They talked about the war in Iraq and prescription drug benefits, debated gay marriage and discussed the particulars of our efforts to capture Osama Bin Laden. But one word you rarely heard President Bush or Senator John Kerry utter throughout the 2004 presidential campaign was Guantanamo.

Indeed, it was as if the US$155 million ($216 million) prison in Cuba built - David Rose reminds us in his new book - by Vice President Dick Cheney's former company, Halliburton, didn't exist.

And that is exactly as the Government wanted things to be.

How did America's most secretive, highly guarded and internationally offensive prison become such a non-issue? The answer, Rose asserts, is that the Bush Administration has conducted a campaign to make it so.

From the very beginning, Secretary of Defence Donald Rumsfeld and the President asserted that Guantanamo was where we held the worst of the worst, the really bad guys. As Cheney said, "They are very dangerous. They are devoted to killing millions of innocent Americans, if they can, and they are prepared to die in the effort."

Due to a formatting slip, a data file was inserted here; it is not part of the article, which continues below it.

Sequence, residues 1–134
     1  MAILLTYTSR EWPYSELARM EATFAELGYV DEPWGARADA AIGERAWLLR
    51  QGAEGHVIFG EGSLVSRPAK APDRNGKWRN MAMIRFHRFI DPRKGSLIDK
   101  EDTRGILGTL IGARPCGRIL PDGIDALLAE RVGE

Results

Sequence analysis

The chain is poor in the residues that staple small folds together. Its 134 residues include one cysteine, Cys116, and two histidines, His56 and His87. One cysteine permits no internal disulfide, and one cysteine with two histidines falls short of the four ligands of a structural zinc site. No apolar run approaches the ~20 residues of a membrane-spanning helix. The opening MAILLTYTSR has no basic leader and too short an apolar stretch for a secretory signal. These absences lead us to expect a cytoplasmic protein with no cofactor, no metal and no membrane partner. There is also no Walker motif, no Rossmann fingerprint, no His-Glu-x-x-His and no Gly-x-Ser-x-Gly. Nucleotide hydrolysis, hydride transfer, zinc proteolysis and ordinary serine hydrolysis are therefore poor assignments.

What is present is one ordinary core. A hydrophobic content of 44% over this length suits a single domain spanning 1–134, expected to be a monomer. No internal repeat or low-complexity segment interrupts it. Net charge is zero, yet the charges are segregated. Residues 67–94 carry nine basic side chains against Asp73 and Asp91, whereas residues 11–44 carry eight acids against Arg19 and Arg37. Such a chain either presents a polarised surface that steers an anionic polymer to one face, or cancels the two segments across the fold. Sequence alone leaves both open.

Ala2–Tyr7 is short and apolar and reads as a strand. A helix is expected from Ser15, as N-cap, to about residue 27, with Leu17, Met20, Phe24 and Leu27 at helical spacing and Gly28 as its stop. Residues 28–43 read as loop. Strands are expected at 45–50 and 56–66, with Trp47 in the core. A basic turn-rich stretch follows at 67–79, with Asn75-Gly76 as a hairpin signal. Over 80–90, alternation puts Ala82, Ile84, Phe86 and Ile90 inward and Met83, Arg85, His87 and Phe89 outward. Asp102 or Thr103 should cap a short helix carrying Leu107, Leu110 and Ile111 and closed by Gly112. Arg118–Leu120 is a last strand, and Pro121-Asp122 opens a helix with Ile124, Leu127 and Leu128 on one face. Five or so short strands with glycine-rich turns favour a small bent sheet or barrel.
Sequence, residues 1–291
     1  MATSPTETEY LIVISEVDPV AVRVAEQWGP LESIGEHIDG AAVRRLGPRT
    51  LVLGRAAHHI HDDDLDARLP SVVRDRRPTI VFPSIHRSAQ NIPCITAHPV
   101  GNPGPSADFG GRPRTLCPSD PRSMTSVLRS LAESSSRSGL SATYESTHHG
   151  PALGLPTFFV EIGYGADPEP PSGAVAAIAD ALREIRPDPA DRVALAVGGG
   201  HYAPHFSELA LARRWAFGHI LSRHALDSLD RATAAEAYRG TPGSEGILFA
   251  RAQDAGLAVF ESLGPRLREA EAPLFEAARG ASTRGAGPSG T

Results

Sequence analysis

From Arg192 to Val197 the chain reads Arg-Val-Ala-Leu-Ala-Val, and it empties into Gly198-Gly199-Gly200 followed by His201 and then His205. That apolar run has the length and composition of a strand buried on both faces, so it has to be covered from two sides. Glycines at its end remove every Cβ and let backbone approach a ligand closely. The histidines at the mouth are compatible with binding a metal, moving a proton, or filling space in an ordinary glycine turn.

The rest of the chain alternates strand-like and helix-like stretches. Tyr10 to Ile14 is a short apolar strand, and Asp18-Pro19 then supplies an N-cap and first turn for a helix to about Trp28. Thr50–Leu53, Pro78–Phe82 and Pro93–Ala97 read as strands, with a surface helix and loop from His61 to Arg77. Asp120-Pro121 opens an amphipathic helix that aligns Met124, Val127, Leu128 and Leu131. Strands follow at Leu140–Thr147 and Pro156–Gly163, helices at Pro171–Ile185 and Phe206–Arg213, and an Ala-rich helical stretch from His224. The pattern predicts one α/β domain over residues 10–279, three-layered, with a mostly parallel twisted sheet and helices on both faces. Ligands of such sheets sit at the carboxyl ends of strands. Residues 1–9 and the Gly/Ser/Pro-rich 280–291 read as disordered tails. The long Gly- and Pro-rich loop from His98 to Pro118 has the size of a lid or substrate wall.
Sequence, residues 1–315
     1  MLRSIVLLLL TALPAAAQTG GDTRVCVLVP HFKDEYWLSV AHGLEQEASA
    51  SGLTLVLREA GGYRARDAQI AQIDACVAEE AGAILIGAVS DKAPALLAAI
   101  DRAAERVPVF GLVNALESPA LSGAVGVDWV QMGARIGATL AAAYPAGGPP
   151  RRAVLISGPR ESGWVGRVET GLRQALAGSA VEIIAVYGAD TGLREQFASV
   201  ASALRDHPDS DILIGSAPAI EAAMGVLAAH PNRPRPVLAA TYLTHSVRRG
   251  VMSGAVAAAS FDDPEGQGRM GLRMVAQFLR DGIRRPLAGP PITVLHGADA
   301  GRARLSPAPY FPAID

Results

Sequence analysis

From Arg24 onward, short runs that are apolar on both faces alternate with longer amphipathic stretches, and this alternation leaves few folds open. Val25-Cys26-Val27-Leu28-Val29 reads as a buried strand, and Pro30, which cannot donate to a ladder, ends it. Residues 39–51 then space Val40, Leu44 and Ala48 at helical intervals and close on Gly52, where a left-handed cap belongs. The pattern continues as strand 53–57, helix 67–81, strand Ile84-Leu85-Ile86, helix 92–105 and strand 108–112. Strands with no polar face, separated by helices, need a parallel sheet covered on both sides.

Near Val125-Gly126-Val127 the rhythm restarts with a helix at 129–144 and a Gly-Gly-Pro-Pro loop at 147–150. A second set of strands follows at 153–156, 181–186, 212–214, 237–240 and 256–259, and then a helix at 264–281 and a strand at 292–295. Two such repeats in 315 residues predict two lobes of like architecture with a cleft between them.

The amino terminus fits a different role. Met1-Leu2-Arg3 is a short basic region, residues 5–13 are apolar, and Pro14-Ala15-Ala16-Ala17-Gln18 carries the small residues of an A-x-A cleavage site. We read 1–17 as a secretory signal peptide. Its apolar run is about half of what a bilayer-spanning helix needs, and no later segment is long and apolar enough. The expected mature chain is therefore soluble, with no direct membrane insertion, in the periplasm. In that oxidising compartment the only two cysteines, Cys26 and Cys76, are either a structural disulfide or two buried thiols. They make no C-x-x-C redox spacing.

In the wake of 9/11, Rose argues, the US Government used the terror threat as an excuse to free itself of the Geneva Accords.

On November 13, 2001, President Bush issued a Presidential Military Order declaring that captured al Qaeda terrorists could be tried by special military commissions, free of the restrictions imposed by the civilian courts. On this day, Guantanamo was born.

Very quickly, the definition of unlawful combatant stretched beyond al Qaeda to include not just someone thought to have engaged directly in terrorism against America, but anyone captured in Afghanistan suspected of fighting with the Taleban - a very different thing.

The result? The prison's population swelled to about 600 men, against whom no charges were filed for more than two years. They came from all over the world, in shackles and hoods, to sit and sweat in the Cuban sun and submit to questioning.

Rose is one of the first writers to publish a book on this unorthodox prison, and it's not hard to understand why.